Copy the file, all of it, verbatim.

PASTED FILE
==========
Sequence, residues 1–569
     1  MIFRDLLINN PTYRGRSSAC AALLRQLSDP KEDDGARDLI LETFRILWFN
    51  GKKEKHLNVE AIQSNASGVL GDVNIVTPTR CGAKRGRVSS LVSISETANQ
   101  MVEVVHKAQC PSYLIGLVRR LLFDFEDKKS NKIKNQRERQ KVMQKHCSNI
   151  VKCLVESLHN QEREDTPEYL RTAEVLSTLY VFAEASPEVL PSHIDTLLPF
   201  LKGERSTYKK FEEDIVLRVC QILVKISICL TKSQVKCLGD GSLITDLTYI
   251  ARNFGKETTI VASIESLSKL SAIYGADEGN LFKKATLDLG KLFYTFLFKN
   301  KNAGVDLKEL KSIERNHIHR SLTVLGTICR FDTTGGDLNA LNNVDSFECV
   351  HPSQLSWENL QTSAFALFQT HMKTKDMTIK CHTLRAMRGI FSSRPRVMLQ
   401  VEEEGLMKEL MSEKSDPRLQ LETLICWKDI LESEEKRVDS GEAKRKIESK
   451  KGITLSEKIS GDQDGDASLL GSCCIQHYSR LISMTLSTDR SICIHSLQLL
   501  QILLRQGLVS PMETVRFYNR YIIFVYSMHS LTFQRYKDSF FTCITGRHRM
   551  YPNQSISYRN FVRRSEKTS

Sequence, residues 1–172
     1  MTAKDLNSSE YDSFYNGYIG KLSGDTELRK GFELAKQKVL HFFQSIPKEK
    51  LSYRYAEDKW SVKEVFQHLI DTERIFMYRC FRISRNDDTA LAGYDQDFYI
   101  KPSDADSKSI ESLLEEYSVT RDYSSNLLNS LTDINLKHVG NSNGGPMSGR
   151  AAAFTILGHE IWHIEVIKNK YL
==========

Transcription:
Sequence, residues 1–569
     1  MIFRDLLINN PTYRGRSSAC AALLRQLSDP KEDDGARDLI LETFRILWFN
    51  GKKEKHLNVE AIQSNASGVL GDVNIVTPTR CGAKRGRVSS LVSISETANQ
   101  MVEVVHKAQC PSYLIGLVRR LLFDFEDKKS NKIKNQRERQ KVMQKHCSNI
   151  VKCLVESLHN QEREDTPEYL RTAEVLSTLY VFAEASPEVL PSHIDTLLPF
   201  LKGERSTYKK FEEDIVLRVC QILVKISICL TKSQVKCLGD GSLITDLTYI
   251  ARNFGKETTI VASIESLSKL SAIYGADEGN LFKKATLDLG KLFYTFLFKN
   301  KNAGVDLKEL KSIERNHIHR SLTVLGTICR FDTTGGDLNA LNNVDSFECV
   351  HPSQLSWENL QTSAFALFQT HMKTKDMTIK CHTLRAMRGI FSSRPRVMLQ
   401  VEEEGLMKEL MSEKSDPRLQ LETLICWKDI LESEEKRVDS GEAKRKIESK
   451  KGITLSEKIS GDQDGDASLL GSCCIQHYSR LISMTLSTDR SICIHSLQLL
   501  QILLRQGLVS PMETVRFYNR YIIFVYSMHS LTFQRYKDSF FTCITGRHRM
   551  YPNQSISYRN FVRRSEKTS

Sequence, residues 1–172
     1  MTAKDLNSSE YDSFYNGYIG KLSGDTELRK GFELAKQKVL HFFQSIPKEK
    51  LSYRYAEDKW SVKEVFQHLI DTERIFMYRC FRISRNDDTA LAGYDQDFYI
   101  KPSDADSKSI ESLLEEYSVT RDYSSNLLNS LTDINLKHVG NSNGGPMSGR
   151  AAAFTILGHE IWHIEVIKNK YL